In 1945 and 1947 the Nikhil Assam Bangla Bhasha O Sahitya Sammelan held its first and second respective conferences in Shillong. It was Kumud Ranjan Bhattacharjee, the then General Secretary of the BSPS (1941-1971) and also the conferences, who turned to be the man of the moment. He succeeded, on the occasion of the conferences, in having well-known men of letters like S. Wajed Ali, Tarashankar Bandopadhyay and Suniti Kumar Chattopadhyay participate and speak, adding thus to the soaring reputation of the organisation and the town. To this list was added, in course of time, names like Nihar Ranjan Ray, Bibhuti Bhushan Bandopadhyay, Kalidas Nag, Ramesh Chandra Majumdar, Kshitimohan Sen, Shyamaprasad Mookherjee, Surjya Kumar Bhuyan, Humayun Kabir, Nalini Bala Debi, Syed Mujtaba Ali and many more.
Besides holding lectures and conferences, the BSPS felicitated eminent personalities drawn from diverse communities and professions. It also held functions to mark the birth and death anniversaries of noted (men and women) litterateurs, artists and public personalities. At the initiative of the BSPS Tagore’s birth centenary was celebrated across Shillong in 1961 which, among others, witnessed participation of both Bengalis and non-Bengalis, notably, Bimala Prasad Chaliha, Helimon Khongfai, Usha Bhattacharjee, R.B. Vaghaiwalla, Verrier Elwin, Mary Blah, G.G. Swell and others; the three houses that Tagore had lived during his visits to Shillong, namely, Jeet Bhumi, Brook Side and Sidley House, were accorded public recognition for the first time.
Spirit of Cosmopolitanism
By the 1970s the organisation had a property—built in 1965—at the heart of Shillong, an auditorium, a publishing facility, a theatre group, a library-cum-reading room and a magazine (mouthpiece) entitled Umiam. For Shillong, however, the eighth decade of the twentieth century was not the best of times, embroiled as the city came to be in violent ethnic conflict between the tribals and the non-tribals (Bengalis, in particular) triggered off by the Assam movement. The much celebrated plural ethos of Shillong was on the brink of being disturbed, if not destroyed, forever. It was in that climate of deep paranoia and despair that the BSPS turned fifty; that memorable year was 1987. Among others, it is interesting that the seminar arranged by the organisation to mark the golden jubilee had the “role of literature and culture in national integration” as its theme. Perhaps, the organisers thought that no other theme was more appropriate to comprehend (and sail through) the difficult and dark times that Shillong had the misfortune to witness.
With peace restored in the 1990s, Shillong heaved a sigh of relief. Periodic lulls notwith-standing, the BSPS kept up with its regular literary and welfare activities. In 1990, it launched a weekly (Sunday) literary discussion forum called Karmashala. Later, the forum began to publish its quarterly magazine (its mouthpiece) which also bore the same name. In fact, Karmashala, by the time the BSPS completed seventyfive years in 2012, established itself as one of the most widely read and rated Bengali little magazines in North-Eastern India and beyond.As a frequent visitor to Shillong, I have had occasions to participate in the (Sunday) Karmashala held in the BSPS premises. Also, I am a regular reader of the magazine which carries both prose and poetry written primarily by those who participate in the Sunday forum.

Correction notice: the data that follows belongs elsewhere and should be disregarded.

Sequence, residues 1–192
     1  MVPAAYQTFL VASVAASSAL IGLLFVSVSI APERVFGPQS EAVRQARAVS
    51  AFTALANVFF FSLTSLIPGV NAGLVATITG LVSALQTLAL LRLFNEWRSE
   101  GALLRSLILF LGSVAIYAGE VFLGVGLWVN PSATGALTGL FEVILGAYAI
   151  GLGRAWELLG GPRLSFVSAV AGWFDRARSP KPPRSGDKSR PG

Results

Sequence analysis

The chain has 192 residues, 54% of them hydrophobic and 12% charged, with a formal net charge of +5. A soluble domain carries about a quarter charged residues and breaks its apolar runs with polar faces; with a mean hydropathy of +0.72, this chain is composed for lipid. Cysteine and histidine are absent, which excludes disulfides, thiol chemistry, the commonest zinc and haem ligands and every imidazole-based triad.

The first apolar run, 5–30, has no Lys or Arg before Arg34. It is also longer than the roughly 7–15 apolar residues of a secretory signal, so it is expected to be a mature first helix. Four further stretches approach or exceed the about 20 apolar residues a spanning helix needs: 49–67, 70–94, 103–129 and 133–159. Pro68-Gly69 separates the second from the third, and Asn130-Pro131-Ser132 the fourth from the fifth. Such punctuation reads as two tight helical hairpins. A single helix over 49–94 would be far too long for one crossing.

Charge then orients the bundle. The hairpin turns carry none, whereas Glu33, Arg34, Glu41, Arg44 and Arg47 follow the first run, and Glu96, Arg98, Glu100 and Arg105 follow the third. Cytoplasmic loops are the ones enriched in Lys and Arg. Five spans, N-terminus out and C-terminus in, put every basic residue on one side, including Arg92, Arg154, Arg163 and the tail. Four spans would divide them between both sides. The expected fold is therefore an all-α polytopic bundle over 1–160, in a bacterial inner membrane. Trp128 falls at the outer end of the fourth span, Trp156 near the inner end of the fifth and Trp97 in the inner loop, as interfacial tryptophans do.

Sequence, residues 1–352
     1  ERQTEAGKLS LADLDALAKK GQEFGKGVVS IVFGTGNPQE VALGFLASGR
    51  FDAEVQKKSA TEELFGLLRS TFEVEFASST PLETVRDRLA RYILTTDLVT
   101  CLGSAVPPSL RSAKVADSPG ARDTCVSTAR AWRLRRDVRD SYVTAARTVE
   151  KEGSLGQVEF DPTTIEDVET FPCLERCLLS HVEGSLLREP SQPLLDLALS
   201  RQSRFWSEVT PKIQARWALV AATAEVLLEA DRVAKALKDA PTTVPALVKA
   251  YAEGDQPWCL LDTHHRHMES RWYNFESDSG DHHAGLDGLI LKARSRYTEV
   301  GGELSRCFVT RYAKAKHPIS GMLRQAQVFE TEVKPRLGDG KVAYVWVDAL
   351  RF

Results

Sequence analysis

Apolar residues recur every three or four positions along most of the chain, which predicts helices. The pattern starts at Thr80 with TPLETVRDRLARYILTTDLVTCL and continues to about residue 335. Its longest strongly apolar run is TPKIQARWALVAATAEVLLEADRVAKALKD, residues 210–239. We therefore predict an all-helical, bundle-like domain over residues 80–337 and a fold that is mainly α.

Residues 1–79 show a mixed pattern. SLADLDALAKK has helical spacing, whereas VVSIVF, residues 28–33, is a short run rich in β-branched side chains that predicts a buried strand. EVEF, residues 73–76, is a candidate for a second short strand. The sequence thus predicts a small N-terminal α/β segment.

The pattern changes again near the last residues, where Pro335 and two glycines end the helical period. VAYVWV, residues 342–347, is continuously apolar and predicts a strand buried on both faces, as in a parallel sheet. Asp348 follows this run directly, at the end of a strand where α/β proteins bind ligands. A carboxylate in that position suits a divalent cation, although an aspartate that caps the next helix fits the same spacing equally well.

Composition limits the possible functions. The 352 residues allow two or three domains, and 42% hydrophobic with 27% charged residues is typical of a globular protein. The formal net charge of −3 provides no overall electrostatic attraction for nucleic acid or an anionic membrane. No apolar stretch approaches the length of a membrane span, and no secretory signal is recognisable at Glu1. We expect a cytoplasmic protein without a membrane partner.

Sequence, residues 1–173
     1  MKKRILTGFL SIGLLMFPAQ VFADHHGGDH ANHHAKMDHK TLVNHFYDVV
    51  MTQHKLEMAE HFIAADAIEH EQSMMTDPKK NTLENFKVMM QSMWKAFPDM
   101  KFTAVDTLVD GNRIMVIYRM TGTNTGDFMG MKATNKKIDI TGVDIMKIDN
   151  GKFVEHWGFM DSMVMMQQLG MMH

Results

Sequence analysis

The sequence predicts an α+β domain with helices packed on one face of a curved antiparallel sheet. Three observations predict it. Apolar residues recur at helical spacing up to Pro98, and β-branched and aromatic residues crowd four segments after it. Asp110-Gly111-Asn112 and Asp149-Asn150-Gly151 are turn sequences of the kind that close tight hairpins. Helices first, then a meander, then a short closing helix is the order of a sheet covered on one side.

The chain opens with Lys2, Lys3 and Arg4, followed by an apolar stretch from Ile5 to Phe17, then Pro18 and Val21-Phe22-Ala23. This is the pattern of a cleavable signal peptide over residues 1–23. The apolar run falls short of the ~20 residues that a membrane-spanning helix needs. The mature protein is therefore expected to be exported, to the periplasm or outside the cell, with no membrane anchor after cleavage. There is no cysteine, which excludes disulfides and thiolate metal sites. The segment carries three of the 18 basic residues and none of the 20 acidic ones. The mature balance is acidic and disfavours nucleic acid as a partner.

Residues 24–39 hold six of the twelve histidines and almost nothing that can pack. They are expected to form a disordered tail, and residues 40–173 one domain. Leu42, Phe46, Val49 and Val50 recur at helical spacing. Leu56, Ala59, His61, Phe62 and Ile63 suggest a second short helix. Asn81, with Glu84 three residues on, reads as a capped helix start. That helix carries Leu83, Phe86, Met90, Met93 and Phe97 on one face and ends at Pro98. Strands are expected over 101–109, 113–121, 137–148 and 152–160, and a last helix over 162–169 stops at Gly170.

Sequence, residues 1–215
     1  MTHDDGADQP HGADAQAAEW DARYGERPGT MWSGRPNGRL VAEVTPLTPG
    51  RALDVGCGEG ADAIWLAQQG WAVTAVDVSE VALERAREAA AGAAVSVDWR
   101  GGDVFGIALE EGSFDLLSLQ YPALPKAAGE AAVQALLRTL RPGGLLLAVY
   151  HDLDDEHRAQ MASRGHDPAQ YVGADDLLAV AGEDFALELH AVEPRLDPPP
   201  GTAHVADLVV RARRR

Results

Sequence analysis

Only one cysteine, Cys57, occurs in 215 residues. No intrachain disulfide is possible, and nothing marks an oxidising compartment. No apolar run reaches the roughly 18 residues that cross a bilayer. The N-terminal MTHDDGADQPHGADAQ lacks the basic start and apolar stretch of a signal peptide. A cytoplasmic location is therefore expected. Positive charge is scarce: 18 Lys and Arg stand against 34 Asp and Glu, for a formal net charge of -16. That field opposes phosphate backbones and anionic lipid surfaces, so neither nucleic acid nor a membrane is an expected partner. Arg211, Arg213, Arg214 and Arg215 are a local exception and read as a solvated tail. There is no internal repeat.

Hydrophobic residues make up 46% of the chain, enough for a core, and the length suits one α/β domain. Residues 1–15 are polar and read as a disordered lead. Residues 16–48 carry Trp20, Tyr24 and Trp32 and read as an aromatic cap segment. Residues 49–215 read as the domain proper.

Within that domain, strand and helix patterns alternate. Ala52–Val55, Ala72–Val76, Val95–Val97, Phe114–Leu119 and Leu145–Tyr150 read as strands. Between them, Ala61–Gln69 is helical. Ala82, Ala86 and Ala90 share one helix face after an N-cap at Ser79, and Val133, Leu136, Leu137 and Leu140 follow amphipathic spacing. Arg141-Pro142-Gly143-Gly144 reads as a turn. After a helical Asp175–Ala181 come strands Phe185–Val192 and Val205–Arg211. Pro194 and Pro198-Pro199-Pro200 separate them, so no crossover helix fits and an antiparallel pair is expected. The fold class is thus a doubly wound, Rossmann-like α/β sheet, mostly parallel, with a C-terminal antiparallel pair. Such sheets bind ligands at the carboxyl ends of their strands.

The latest Karmashala (August 2013) is a collection of old photographs and invited essays, reminiscences, biographical sketches and poems.
Published as a special issue to mark the platinum jubilee of the BSPS, it drives the reader to travel back in time. By way of narrating the cultural history of the Bengali community and of course the BSPS, this issue offers glimpses of the times when Shillong was about to be born and then grow to become a warm and comfortable home to diverse communities and cultures.
A number of Shillong-watchers, however, are sceptical of the Karmashala’s “feel-good” cultural narrative of the city. Taking that further, they unhesitatingly point to the steady decline of the city’s famed cosmopolitanism and the spirit of unconditional recognition of cultural difference in recent times: the ongoing violence triggered by the Inner Line Permit issue is, they believe, but another manifestation of that.
While such observations may not be completely unfounded, yet it is useful to recall that Shillong’s history has not been without moments of melancholy. But certainly such moments have been fewer as compared to those of celebration and joy. More than anything, the BSPS, at seventysix, bears testimony to the city’s undying cosmopolitanism.
Nabanipa Bhattacharjee teaches Sociology at Sri Venkateswara College, University of Delhi.